Dr. Oliver was Associate Professor, Dept. of Computer Science, USL; Adjunct Professor of Nursing; Microcomputers & CEU (Continuing Education); Vice President Emeritus, USL; Professor Emeritus, USL. He held a B.S., Chemistry, USL, 1950; an M.S., Chemistry, Tulane Univ., 1951; and a Ph.D., Chemistry, Tulane Univ., 1955.
From 1954-1959 Dr. Oliver served as an Associate Professor and Professor of Chemistry at the University of Southwestern Louisiana. In Summer, 1959 he attended the “Symposium on Frontier Research on Digital Computers” at the University of North Carolina, hosted by Dr. John W. Carr, III. Upon his return from the Conference he submitted a grant proposal to the National Science Foundation for digital computing equipment. In 1960, Dr. Oliver obtained our first computer, an IBM 1620, with National Science Foundation support, and established the USL Computing Center. He designed, developed, implemented and administered both the facilities unit and the academic offerings at USL.
In 1961, he started the “alpha” student chapter of the Association of Computing Machinery (ACM): the first student chapter worldwide. He began the Master of Science Degree in Computer Science in 1964 and our first Computer Science degree was awarded shortly thereafter; he designed and implemented the Bachelor of Science degree in 1968; he established the Doctor of Philosophy degree in Computer Science in 1970. With financial grants awarded him by the National Science Foundation he offered programs for high school students, college students, and college and university faculty members in computer science. In addition, the U.S. Office of Education awarded funds for 15 high school teachers to participate in an “Experienced Teacher Fellowship Program” at USL. They were expected to go back to their school systems and establish programs using computers in high schools.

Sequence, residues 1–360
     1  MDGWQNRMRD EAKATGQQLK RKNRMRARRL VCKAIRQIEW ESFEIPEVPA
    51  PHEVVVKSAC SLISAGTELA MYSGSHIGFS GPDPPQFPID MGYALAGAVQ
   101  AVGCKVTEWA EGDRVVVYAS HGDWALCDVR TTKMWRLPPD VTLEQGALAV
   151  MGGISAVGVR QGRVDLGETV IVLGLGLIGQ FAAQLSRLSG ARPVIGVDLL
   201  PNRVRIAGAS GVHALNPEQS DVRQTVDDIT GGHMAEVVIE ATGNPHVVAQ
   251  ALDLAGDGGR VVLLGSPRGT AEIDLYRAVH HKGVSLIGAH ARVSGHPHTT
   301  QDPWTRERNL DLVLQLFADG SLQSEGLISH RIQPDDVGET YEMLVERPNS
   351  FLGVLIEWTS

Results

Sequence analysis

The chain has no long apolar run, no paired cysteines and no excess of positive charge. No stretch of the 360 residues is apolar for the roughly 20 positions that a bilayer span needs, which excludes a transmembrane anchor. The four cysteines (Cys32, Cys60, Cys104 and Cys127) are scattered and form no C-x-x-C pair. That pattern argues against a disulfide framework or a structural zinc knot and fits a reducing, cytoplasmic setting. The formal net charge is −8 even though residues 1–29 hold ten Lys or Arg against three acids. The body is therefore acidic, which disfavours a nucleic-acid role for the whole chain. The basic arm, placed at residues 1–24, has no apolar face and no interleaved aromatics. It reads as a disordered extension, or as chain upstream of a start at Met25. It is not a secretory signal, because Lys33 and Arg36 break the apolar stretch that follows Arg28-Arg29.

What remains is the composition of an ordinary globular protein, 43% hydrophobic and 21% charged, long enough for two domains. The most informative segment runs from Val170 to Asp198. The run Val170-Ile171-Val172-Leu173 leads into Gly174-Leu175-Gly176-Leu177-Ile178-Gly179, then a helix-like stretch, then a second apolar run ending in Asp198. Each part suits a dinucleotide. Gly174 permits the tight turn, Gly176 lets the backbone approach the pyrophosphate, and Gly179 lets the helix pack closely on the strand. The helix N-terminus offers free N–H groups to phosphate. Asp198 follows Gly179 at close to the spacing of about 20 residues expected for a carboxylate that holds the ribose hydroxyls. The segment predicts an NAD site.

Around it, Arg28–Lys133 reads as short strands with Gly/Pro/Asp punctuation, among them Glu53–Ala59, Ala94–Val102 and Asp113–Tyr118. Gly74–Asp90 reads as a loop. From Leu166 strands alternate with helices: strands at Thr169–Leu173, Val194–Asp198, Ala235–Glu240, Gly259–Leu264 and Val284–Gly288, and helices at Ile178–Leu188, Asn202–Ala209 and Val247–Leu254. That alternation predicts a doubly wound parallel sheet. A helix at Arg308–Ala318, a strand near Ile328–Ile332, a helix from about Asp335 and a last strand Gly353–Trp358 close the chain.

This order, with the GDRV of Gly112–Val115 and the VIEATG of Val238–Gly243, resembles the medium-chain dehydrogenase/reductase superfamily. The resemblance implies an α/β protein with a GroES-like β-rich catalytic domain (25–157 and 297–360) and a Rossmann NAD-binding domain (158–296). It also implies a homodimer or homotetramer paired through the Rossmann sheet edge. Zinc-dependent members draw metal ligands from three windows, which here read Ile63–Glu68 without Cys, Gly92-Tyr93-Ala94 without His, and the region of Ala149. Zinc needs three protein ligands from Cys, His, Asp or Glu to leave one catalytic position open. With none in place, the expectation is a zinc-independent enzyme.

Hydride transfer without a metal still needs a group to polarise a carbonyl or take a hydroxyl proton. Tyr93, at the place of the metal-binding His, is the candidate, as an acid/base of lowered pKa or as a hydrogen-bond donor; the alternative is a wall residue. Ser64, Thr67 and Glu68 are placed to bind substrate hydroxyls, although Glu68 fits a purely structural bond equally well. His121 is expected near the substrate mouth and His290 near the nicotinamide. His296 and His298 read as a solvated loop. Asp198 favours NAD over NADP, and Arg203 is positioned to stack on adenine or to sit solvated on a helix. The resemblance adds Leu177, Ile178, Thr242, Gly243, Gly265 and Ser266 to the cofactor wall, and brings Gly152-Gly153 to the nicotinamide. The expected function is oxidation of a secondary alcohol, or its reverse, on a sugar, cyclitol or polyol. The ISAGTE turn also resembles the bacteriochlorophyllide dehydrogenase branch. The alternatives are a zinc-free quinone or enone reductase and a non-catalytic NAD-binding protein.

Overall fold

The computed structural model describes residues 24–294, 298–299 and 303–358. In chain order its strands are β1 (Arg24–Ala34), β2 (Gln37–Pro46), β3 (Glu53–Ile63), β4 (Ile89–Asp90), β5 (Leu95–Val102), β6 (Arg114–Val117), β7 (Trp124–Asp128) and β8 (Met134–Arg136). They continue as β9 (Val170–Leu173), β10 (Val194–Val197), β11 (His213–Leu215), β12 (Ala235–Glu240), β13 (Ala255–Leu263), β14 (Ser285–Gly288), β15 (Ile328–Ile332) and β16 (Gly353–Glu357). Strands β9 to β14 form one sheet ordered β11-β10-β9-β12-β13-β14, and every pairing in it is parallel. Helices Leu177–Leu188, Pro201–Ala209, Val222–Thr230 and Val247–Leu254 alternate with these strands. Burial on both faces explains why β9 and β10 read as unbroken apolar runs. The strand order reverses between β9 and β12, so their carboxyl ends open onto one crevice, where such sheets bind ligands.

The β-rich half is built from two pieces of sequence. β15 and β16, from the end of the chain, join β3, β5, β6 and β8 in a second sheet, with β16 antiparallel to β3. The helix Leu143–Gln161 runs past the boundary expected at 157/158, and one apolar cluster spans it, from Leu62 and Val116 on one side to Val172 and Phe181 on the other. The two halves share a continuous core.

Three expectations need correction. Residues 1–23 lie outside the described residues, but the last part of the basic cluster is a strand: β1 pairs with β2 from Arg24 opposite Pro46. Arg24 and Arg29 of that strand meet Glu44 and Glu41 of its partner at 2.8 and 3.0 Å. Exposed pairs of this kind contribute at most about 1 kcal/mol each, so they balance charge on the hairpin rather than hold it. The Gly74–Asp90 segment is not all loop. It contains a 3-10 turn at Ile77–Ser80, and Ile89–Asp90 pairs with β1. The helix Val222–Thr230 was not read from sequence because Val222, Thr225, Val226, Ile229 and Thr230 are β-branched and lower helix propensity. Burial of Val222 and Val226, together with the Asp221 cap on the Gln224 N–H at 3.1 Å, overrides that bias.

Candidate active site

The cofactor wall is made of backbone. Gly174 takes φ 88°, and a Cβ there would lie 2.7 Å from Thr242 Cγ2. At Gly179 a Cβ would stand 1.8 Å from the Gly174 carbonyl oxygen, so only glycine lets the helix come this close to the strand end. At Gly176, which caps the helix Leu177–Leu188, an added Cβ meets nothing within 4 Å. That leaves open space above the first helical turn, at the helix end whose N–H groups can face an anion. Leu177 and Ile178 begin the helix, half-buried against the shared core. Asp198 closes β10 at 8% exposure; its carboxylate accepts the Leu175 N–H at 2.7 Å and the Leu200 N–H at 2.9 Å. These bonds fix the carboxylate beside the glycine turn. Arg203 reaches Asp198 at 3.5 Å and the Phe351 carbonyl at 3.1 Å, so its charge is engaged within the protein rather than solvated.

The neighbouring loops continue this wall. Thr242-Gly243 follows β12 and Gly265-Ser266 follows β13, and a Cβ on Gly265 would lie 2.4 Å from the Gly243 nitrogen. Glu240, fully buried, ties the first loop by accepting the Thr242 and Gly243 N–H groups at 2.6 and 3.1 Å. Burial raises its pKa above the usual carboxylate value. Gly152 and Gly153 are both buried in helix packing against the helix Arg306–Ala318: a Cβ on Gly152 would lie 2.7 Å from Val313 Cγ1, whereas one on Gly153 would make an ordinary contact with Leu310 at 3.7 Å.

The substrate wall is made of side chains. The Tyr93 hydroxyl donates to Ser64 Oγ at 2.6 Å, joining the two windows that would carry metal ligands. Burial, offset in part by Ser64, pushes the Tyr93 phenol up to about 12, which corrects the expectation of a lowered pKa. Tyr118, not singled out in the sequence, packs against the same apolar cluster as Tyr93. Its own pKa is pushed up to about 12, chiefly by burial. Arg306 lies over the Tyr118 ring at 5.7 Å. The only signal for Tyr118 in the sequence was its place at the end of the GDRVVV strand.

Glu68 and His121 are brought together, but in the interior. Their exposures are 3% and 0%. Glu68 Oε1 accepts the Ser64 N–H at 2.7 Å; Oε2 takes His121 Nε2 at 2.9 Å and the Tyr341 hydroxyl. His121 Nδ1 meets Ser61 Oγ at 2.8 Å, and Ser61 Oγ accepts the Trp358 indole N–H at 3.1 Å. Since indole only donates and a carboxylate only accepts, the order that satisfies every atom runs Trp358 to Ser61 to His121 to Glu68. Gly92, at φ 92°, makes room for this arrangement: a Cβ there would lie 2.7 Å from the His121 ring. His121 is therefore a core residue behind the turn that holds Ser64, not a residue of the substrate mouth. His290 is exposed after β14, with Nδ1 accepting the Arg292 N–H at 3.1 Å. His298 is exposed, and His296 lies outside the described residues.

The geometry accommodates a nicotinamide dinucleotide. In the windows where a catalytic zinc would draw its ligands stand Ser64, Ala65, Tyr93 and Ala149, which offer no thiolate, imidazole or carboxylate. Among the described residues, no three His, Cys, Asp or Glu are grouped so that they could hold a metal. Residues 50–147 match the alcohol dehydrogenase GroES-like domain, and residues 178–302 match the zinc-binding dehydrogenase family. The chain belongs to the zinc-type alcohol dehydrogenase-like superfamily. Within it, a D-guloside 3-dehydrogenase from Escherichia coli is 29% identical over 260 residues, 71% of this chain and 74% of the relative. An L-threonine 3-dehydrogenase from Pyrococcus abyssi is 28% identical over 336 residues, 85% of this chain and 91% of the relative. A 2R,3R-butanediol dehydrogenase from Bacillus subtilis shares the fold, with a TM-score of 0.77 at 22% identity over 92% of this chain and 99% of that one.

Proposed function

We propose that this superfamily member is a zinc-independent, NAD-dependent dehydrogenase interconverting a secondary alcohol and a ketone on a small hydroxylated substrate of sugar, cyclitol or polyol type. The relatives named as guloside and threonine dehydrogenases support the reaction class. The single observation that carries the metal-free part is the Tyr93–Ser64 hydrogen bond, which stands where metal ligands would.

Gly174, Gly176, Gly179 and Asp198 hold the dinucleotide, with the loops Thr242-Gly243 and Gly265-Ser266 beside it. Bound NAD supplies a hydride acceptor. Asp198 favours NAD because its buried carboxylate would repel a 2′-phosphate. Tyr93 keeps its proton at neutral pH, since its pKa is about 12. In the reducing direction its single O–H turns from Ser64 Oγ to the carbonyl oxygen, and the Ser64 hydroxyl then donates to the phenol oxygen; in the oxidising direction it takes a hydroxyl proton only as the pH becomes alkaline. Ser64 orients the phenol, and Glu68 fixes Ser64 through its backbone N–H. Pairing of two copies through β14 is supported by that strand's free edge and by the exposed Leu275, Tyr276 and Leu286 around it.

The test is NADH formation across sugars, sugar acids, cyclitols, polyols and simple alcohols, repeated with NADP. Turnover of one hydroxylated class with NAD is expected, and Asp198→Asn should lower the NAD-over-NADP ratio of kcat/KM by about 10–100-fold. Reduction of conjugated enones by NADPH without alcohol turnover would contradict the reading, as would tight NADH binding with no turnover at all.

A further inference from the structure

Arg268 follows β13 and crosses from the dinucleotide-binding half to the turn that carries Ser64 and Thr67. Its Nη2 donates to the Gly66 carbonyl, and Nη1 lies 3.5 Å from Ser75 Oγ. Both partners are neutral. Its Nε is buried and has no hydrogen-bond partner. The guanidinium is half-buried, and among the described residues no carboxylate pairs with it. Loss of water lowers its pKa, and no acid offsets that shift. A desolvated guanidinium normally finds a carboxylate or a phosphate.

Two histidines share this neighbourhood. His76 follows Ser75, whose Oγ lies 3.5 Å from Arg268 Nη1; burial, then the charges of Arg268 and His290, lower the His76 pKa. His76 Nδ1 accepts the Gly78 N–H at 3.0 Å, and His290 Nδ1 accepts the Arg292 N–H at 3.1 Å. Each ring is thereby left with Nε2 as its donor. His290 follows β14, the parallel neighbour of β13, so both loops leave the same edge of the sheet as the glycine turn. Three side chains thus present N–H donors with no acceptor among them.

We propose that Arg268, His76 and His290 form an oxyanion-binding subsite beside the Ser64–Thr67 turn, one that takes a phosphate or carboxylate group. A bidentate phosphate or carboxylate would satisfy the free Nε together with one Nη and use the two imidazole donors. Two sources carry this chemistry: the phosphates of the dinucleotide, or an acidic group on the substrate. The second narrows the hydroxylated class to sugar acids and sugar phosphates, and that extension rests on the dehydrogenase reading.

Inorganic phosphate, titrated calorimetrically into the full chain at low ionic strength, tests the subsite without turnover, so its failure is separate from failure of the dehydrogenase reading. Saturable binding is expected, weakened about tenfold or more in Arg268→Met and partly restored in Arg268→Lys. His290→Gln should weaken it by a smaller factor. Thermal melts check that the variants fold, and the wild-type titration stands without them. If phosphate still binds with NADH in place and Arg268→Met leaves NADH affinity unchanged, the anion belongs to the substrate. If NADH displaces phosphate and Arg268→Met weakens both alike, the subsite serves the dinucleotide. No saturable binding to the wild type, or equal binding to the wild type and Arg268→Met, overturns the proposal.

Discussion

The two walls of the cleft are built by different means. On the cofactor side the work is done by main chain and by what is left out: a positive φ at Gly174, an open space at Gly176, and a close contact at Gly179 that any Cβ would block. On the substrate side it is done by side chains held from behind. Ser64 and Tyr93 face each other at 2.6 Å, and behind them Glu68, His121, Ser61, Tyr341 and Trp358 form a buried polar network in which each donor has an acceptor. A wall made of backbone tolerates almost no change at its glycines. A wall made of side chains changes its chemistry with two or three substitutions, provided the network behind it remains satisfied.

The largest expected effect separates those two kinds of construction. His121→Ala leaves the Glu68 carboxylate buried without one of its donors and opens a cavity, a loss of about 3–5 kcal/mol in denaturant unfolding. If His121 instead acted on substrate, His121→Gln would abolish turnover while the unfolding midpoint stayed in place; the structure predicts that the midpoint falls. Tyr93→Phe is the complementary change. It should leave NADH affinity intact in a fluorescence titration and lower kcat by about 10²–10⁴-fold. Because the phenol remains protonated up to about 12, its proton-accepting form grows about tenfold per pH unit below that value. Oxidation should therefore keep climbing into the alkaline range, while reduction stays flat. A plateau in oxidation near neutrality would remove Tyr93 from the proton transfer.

From 1968 to 1981 he served as advisor to State agencies supervising and beginning to use computers for administration. He assisted in acquisition, conversion from manual operations, implementing automated procedures, and teaching of State employees; also, evaluation of results of automated operations was accomplished. During the 1972-73 academic year, on leave from the University, he served as Assistant State Superintendent of Education for Management, Research and Finance, and during that year he automated the Dept. of Education. He has served as Graduate School Dean and as Administrative Vice President at the University of Southwestern Louisiana. Dr. Oliver was invited to contribute to the book, “Statewide Computing Systems: Coordinating Academic Computer Planning” by Charles Moshman. In his final years he devoted his writing for those who are not computer science professionals.
The CMPS department misses his vision and support.